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A short walk to Copacabana beach in Rio de Janeiro, early on a weekend morning, is all that is needed to convince you that the Brazilians take fitness very seriously. The wide promenade will be teeming with cyclists, roller-skaters and joggers. The beach itself has volley ball nets strung along its length and there are also small football pitches and even gym equipment spots set up; most will be busy.
Most cities are well-equipped with commercial chain gyms which may offer not only standard gym and weight-lifting equipment but also massage, yoga and other classes. Often personal training is included in the package. They are relatively cheap to join. It is also cheap and easy to find a personal trainer who will work with you on the beach, or in one of the many parks dotted round the cities. There are also smaller individual academias which tend to vary in which services they provide. Swimming pools can be found in both academias and the chain gyms. Public swimming pools are hard to find in Brazil. Rio has a large saltwater one called Piscinão de Ramos by Ramos beach; but most local people use the sea as it is free.
Martial arts are very popular in Brazil and it is not hard to find somewhere that will offer classes. Brazil has its own form of ju-jitsu which concentrates on teaching ground fighting; you may even consider trying Capoeira, which is Brazil’s own martial art, and quite unlike most others.
Needless to say football is by far and away the most popular sport in Brazil. If you want to play football, a good place to start might be to try the football pitches on the beaches and in the parks; you may be able to join a game, at the very least you may be able to pick up some useful information. Depending on your age, you may also be able to attend a course at one of the many football schools in Brazil; there is more information available on these here. If you are interested in watching professional football, Brazil has over 400 teams; there are 24 in Rio de Janeiro alone. There is a fixture list available here which shows the teams, times and stadiums. The spectators can be almost as passionate as the players, and the atmosphere and noise in the stadiums may be quite unlike anything you have witnessed in your home country. Because of the interest in football in Brazil, many bars and cafes in the cities also offer televised international football. There is also a hybrid football/volleyball game (futevolei), which you can watch being played on the public courts on the beaches.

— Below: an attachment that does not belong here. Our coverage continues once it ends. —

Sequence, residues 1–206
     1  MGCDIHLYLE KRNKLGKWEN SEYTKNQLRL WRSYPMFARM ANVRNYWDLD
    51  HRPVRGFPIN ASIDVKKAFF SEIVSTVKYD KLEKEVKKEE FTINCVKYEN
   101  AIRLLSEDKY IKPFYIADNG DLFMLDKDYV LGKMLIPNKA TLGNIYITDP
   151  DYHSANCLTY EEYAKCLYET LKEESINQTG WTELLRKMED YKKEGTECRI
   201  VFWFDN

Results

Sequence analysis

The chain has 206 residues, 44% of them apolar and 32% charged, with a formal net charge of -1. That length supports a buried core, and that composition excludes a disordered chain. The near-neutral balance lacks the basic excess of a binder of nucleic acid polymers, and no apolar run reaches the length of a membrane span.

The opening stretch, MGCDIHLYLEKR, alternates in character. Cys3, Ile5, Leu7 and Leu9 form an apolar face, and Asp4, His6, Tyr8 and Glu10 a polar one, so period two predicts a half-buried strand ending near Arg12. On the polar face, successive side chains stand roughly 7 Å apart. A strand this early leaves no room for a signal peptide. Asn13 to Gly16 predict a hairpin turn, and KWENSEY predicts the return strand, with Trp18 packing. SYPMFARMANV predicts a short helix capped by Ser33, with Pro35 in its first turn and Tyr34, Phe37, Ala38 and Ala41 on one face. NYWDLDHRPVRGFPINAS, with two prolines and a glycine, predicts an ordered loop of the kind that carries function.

Volleyball is also very popular game in Brazil. It is possible to hire courts on beaches and in public parks, or just join an existing game. You can also find volleyball schools being run on the beaches who will welcome you. Brazil also hosts international volleyball and beach volleyball competitions which are very popular with spectators.
Cycling is popular and it is possible to hire bikes. In Rio you can buy a pass from BikeRio for R$10 for 30 days which allows you have the use of a bike for rides of up to 60 minutes at a time, they are kept at 60 locations around the city, and you can drop the bike off at any one of them. Their website is here. If you are considering cycling around a city, you should bear in mind that driving standards can be quite poor. You should also learn which areas to avoid; some of the favelas can be quite dangerous for someone who looks out of place, and are not somewhere you want to be stopping to fix a puncture.
Sections in LIVING IN BRAZIL:
» Safety and Emergencies for Expats in Brazil
» Retirement for Expats in Brazil
» Family Life and Childcare for Expats in Brazil
» Solo Living and Dating for Expats in Brazil
» Shopping for Expats in Brazil
» Entertainment, Media and Television for Expats in Brazil
» Arts and Culture for Expats in Brazil
» Fitness and Sport for Expats in Brazil
» Communications for Expats in Brazil
» Driving and Public Transport for Expats in Brazil
» Government, Politics and Legal Systems for Expats in Brazil
» Regions and Cities for Expats in Brazil
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